As originally published in Synergyzer Annual 2020.
I was once asked to define a brand in three words. After struggling for a few days what I proposed was, “Consistency of Trust”. At the core of this definition is the promise a brand makes to its consumers and vows to live up to it consistently. Advertising is what helps convey this promise effectively. Or so it is supposed to.
Many a times I ask marketing students to evaluate an ad and hear the familiar comment, “We love it”. Five minutes later you ask them to name the brand and they struggle. The brand promise is lost amongst the ‘multiple messages’ the ad is trying to convey, the ‘glitz’ of the production values or the ‘celebrity’ overpowering the brand. Or the brand seems to have lost sight of its target audience – trying to appeal to everyone usually means the message resonates with none. A simple litmus test is to replace the brand in the ad with its competitive brand in the same category. If the message still makes sense, there is a crisis. If you can replace the category with another category and the message still makes sense, you have a catastrophe.
Conversely I have worked on many campaigns where the ad was criticized for its poor production values, but emerged a roaring success in terms of delivering its objectives and the core brand promise. Very recently we ran an ad for a rice brand and social media was abuzz with critics on ‘finer points’ such as “Why was the main protagonist not moving her lips and was instead conveying her thoughts as a voice over?”, or how the hidden meaning of the size of rice after it was cooked could be related to something they usually relate size with etc. Yet the brand grew seven times after just one week of airing and the ad had to be stopped to gear up the supply chain to meet demand.
What makes advertising effective? Does making a brand promise got anything to do with delivering the promise as well? Can consumers be made to believe a promise which in reality does not deliver? And should the ad convey many ‘brand promises’ or stick to just ‘one core promise’?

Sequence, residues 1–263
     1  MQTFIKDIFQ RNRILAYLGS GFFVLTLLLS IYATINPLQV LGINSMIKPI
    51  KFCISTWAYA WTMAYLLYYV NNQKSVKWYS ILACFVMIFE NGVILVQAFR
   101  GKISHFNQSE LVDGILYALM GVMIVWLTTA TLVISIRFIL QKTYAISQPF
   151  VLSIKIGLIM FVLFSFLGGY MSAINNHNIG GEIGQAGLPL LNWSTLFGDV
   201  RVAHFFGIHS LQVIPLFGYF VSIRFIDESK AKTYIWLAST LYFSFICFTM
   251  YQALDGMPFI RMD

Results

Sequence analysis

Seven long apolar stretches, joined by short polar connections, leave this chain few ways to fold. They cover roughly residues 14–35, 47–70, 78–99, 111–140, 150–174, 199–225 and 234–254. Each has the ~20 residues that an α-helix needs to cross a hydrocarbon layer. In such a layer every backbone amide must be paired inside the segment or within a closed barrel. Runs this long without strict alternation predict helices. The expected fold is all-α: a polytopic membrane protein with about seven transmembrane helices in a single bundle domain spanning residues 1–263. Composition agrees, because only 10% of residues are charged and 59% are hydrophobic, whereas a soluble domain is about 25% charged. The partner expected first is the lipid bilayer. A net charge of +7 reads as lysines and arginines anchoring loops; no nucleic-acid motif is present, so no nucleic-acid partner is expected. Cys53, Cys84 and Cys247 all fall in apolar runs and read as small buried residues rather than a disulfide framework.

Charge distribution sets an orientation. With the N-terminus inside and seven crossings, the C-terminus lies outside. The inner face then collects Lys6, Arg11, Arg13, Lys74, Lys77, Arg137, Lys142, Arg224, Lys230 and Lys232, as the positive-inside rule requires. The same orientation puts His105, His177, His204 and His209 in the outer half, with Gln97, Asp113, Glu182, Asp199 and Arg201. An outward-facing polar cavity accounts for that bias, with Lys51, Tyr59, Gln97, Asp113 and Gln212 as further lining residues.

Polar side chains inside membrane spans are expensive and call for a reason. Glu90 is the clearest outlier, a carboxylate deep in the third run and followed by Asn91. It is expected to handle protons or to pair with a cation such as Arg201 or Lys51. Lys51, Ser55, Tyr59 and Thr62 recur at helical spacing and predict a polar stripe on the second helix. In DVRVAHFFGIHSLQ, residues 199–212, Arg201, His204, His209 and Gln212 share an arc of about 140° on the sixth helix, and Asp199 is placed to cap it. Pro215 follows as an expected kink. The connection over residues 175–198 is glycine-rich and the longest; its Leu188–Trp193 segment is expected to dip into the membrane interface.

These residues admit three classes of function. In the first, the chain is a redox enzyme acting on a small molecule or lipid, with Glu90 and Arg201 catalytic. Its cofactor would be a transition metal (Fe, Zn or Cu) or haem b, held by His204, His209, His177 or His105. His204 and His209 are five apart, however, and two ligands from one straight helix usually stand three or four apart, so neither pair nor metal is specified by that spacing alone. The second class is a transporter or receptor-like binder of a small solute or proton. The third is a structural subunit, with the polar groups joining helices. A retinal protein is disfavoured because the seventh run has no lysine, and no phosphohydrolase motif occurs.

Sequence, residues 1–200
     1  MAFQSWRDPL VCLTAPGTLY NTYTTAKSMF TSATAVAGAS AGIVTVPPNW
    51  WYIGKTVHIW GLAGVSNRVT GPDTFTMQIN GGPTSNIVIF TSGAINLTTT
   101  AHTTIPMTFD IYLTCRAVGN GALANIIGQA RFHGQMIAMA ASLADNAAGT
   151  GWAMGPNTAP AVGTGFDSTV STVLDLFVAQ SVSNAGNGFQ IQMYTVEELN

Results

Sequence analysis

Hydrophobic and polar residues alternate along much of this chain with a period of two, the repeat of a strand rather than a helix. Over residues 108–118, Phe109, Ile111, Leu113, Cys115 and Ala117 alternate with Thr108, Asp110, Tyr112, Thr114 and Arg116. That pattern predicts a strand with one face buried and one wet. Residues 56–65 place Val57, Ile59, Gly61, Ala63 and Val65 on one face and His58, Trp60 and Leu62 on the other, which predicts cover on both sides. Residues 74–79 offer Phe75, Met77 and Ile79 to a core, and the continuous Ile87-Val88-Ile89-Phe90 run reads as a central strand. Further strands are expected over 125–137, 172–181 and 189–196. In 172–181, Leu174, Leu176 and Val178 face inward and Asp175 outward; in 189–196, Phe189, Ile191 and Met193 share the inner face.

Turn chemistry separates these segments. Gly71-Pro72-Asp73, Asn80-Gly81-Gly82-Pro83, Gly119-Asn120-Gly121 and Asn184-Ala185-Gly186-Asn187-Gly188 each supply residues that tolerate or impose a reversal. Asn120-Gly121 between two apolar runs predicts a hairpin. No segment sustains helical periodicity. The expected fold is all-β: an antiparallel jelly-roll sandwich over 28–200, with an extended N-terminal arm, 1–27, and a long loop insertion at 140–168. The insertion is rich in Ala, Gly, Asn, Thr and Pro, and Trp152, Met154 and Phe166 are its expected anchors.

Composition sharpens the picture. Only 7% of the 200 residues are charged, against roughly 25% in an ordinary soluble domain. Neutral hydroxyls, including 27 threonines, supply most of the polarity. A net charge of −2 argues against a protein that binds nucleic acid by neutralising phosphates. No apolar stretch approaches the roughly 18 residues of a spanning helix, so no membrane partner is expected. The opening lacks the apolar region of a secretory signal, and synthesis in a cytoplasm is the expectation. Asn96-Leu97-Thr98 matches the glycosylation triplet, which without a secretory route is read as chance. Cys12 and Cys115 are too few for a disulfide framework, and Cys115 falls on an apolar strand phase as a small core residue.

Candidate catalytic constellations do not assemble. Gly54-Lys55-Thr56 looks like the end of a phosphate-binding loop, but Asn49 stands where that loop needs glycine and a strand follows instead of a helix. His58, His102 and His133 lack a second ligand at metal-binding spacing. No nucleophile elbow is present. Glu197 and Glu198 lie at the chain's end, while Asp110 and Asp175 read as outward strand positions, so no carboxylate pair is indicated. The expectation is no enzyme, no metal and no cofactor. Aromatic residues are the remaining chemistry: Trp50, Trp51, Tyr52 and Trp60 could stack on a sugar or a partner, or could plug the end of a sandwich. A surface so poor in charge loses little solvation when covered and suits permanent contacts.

I met a cosmetics manufacturer recently and we were discussing how most of the ‘fairness creams’ fulfill their promise of making our women ‘fair’. He claimed that he had tested almost all brands for harmful ingredients, and most of the famous brands have the element Mercury as an active ingredient, which was harmful for the skin – according to him the higher the mercury levels, the more instant the results. Some brands added dangerously high levels of mercury which would actually peel the skin and to counter the resultant boils and skin damage, the brands added steroids so that the skin could heal. He claimed that he frequently gets requests by brands to increase the ‘masala’ – a trade term for mercury so the results are instant and consumers buy more of these creams. The levels according to him are so high that they can cause skin cancer.
We see most of these brands advertising freely on famous TV channels claiming how their brands make their users ‘gori’ and bring out the ‘glow’ in them. To this effect, the advertising is very effective in delivering the core brand promise as some of these brands are valued at billions of rupees. And yet they are not subjected to any controls or checks by any regulatory body to assess the harm these promises are causing and how our susceptible consumers are falling prey to these in order to look ‘gori and beautiful’. Other than the physical harm, the emotional social turmoil this is causing in objectifying women is in itself reason enough to take these ads off air and ban these products.
Another category in which advertisers exaggerate brand promise is beverages, foods and snacks: Sugar-filled biscuits are supposed to be good for kids providing them nutrition and health, energy drinks full of sugar, caffeine and taurine are supposed to bring us alive and give us an energy buzz; goodness of life can be found in sugary cakes; savories and nimko are supposed to be substitutes for nutrition and candies will make us giggle with good health and happiness. A decade or two ago I saw a doctor in a cigarette commercial in a cinema telling consumers it is harmful to smoke but till they give up the habit, they should switch to his recommended brand!
Some disturbing themes are also being witnessed, championed by well-known brands which really should try harder to uncover deeper consumer insights. These include swearing after having a spicy meal, lying to a friend to impress a girl, song and dance routines in almost every category from mobile phones to food items and misrepresenting the benefits of a brand to compel consumers to buy it are some of the prominent features of advertising today.